Designing for . . . An Introduction.

As a woman with, to say the least, a non-standard shape, the idea of custom designing clothing to fit a woman’s body is near and dear to my heart.

With freakishly long legs, plenty of hips and bust, long arms, ginormous feet, and standing at about 6 feet tall since 9th grade, my first pair of pants that actually covered my ankles and fit properly at the waist were sewn by my own hands in high school.  I even remember a woman stopping me in a store to ask me where I bought the pants because she couldn’t find pants that fit her own freakishly tall, long-legged daughter.

And while I like to peruse a Victoria’s Secret catalog now and then and think the models are lovely, there is no diet in the world that could shrink my bone structure down to a size 2 pair of low-rider jeans.  Besides, who wants to spend all day tugging the waistband of ill-fitting jeans up over their behinds to make sure they are not flashing their undies to everyone sitting behind them?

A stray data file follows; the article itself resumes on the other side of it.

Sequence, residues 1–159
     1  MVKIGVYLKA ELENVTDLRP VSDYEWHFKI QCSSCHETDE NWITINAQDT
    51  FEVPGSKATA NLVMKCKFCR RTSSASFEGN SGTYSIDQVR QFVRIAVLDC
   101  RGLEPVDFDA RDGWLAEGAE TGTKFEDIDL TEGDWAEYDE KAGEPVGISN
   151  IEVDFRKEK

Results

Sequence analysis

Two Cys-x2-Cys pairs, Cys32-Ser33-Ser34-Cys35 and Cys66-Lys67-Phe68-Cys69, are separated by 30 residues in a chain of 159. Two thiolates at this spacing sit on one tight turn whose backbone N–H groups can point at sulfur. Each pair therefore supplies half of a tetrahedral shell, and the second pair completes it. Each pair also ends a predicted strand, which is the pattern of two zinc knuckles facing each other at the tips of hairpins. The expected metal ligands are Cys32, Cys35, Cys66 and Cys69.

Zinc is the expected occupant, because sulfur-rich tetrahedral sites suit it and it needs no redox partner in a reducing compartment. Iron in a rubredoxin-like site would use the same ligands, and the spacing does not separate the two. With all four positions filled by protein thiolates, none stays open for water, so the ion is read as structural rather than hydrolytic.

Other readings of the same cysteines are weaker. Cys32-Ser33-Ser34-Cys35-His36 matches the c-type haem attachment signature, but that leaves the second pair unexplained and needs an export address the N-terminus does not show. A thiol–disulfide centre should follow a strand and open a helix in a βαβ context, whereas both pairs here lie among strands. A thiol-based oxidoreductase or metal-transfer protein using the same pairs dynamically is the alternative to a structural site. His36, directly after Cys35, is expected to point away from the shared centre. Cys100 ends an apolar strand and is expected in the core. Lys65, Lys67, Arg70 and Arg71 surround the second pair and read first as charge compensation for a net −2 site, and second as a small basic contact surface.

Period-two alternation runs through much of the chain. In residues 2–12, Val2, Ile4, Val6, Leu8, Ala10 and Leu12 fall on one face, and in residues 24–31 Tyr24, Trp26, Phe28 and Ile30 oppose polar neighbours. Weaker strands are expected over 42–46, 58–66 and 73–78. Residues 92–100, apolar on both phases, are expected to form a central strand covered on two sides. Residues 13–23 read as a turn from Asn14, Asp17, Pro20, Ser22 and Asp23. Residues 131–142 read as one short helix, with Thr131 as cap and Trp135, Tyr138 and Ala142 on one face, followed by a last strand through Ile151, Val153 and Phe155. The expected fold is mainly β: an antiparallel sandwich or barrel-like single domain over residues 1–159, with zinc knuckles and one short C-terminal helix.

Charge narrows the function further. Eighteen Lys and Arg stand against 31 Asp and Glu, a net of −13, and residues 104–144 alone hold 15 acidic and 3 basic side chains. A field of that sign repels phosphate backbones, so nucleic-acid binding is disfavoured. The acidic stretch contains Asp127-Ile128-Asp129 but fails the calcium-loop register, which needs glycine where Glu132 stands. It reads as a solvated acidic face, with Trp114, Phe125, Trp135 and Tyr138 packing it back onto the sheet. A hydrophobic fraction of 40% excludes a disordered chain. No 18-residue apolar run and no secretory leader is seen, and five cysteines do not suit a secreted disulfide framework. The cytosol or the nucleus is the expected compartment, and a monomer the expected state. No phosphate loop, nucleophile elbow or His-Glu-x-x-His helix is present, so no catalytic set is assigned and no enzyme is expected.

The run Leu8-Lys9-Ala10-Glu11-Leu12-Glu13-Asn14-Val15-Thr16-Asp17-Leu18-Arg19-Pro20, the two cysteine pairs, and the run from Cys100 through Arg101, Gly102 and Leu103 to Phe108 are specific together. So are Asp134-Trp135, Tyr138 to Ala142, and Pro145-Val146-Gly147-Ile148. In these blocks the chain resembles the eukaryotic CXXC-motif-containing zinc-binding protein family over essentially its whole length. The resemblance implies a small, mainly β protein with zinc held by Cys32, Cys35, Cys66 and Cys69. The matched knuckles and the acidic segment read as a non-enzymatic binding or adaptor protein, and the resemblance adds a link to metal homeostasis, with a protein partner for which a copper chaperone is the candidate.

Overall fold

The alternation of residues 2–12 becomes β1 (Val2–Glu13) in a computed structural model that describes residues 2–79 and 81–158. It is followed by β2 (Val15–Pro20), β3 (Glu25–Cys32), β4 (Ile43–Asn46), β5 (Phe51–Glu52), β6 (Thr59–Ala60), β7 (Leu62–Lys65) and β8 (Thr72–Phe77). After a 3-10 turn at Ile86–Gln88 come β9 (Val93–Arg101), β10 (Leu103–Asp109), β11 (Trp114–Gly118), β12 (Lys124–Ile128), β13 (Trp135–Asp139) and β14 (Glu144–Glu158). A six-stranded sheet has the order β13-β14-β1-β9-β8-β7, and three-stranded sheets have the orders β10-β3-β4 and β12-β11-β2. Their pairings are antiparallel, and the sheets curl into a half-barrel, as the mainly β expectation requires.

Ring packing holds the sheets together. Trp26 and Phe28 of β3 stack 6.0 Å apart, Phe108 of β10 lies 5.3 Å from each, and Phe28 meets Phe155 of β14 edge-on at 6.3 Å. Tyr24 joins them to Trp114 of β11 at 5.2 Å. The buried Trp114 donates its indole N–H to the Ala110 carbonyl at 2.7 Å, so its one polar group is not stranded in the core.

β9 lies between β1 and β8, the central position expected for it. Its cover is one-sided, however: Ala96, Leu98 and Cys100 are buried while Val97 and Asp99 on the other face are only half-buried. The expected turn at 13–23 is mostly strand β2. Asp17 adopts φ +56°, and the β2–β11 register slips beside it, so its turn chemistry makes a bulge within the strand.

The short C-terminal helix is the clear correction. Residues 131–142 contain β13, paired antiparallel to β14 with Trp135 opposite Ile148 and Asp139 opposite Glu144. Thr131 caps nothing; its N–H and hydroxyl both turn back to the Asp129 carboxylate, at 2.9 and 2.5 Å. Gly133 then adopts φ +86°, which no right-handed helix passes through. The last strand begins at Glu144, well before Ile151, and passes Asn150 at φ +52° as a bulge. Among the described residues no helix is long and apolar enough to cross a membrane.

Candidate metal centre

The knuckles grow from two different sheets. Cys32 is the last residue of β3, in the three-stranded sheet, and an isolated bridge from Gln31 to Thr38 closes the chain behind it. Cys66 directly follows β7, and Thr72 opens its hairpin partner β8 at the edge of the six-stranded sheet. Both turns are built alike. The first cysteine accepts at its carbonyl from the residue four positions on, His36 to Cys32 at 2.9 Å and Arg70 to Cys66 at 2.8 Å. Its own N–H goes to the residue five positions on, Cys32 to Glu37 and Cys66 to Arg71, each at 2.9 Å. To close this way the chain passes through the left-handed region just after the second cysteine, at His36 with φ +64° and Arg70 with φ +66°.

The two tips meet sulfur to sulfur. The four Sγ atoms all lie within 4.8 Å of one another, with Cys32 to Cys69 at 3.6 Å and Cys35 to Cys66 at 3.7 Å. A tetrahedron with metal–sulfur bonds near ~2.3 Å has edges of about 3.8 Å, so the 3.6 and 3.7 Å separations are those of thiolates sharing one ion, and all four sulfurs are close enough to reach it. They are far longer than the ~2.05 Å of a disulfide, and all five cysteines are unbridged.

We’ve been thinking a lot lately about body types and how to design for them.  We did a bit of research, and we found lots and lots of content about what styles look best on which figures.  For example, when to use shorter lengths versus longer lengths, where to place pattern stitches, and so on.

This is great information, and we love it, but what we crave is information on the mechanics of knitting for different body types.  For example, how do we measure for and make darts to accommodate a fuller bust line?  How do we incorporate increases and decreases to accommodate shaping AND add design elements to our knitting?

Hand-made knits are all about being custom made and custom tailored for your individual body in all of its glory.  We’re going to take some time between our gardening ramblings, snow griping, and general Church Street reporting to talk about some of the best ways we’ve seen to tackle these issues, and hopefully get some great ideas and feedback from you, too!

Stay tuned . . .

2 thoughts on “Designing for . . . An Introduction.

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